by Archbishop Joseph F. Naumann
Merry Christmas! Remember that for the Christian, Christmas is not just one day. In the church’s liturgical year, we are given weeks to ponder and reflect on the incredible miracle of God becoming man, of the Word made flesh.
The good news of Christianity is the amazing love of God who pursues us, seeks communion with us and desires for us to share in his eternal and abundant life.
On Dec. 8, Pope Francis declared the Year of St. Joseph. In so doing, the Holy Father invited the entire church to ponder the example of St. Joseph’s life and its practical meaning for our lives.
I am grateful that my mother named me Joseph and gave me St. Joseph as my patron and protector. However, we do not need to be named Joseph to cultivate a friendship with this remarkable saint. Joseph is often the neglected member of the Nativity scene as we appropriately give attention first to Jesus and then Mary.
Part of the reason my mother named me Joseph and placed me under St. Joseph’s guardianship was because of the death of my biological father before my birth.
The Scriptures make clear that Joseph was not the biological father of Jesus, but Our Lord’s foster father. Mom thought St. Joseph would also be a good foster father for me.
One of the current pastoral priorities for the archdiocese is to raise consciousness of the need for additional foster parents in Kansas. Thousands of children are languishing in the state’s foster care system because there simply are not enough foster parents.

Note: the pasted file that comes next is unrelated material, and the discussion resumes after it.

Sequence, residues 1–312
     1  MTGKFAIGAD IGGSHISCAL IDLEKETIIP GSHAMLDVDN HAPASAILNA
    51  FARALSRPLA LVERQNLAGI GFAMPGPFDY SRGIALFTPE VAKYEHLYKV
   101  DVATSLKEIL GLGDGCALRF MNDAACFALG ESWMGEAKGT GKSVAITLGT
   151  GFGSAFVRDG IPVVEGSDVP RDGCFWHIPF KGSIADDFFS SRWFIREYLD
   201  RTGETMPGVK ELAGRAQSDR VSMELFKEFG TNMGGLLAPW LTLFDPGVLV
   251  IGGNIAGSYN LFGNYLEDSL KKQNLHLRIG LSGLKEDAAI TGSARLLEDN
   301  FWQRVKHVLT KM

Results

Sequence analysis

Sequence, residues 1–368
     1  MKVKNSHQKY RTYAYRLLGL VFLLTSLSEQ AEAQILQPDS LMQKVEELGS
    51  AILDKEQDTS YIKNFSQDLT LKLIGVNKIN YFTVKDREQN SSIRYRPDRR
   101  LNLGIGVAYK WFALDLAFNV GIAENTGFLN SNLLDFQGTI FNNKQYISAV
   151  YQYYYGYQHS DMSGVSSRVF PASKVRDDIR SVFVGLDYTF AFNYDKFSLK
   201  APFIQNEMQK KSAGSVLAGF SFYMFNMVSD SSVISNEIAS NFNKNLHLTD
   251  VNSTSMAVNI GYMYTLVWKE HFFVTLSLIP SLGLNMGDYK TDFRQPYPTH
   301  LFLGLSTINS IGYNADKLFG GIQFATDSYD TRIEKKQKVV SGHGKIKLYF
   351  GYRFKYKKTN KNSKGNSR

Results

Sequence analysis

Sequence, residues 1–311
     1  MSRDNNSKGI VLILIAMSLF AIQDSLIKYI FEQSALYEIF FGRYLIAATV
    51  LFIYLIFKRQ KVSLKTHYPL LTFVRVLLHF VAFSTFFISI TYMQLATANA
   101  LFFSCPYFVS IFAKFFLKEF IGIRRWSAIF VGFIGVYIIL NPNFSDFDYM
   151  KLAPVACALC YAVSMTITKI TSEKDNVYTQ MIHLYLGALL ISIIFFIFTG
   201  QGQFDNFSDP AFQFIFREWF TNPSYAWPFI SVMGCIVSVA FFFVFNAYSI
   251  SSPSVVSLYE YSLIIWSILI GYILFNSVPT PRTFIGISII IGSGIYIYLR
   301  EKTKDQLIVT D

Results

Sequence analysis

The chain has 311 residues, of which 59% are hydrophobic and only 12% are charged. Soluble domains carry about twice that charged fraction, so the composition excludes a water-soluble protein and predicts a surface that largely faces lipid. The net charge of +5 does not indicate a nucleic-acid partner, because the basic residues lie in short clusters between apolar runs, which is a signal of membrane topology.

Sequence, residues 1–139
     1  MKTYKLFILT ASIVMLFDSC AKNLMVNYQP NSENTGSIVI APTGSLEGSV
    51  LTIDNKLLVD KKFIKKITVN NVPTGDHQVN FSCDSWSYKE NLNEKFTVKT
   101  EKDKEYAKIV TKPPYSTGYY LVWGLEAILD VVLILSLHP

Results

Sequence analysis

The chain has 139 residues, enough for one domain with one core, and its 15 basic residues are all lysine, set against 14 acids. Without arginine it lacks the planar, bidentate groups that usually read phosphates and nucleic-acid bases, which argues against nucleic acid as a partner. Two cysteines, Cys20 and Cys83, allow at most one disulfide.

I believe that Our Lord wants the church to respond to the needs of these often forgotten children by raising up loving and generous couples who are willing to welcome a foster child into their home.
Equally important is that our parish communities support foster families with practical assistance, encouragement and prayers. In my prayer during this year, I will be asking St. Joseph to intercede and assist our Foster Care Initiative.
The millions of children in our country growing up in fatherless homes has a huge societal impact. The need for faithful, devoted and loving fathers is acute in the United States.
According to the National Fatherhood Initiative, based on data from the U.S. Census Bureau, the Father Absence Crisis in America has resulted in 18.3 million children or one-fourth of our children living without a biological, step- or adoptive father in their home. Children growing up in fatherless households are:
1) four times more likely to live in poverty;
2) seven times more likely to become pregnant as a teen;
3) two times at greater risk of infant mortality;
4) two times more likely to drop out of school;
5) more likely to face abuse and neglect;
6) more likely to abuse drugs and alcohol;
7) more likely to commit a crime and go to prison;
8) more likely to have behavioral problems.
St. Joseph, who devoted his life to protecting and caring for Jesus and Mary, provides us with a great example of a father and husband.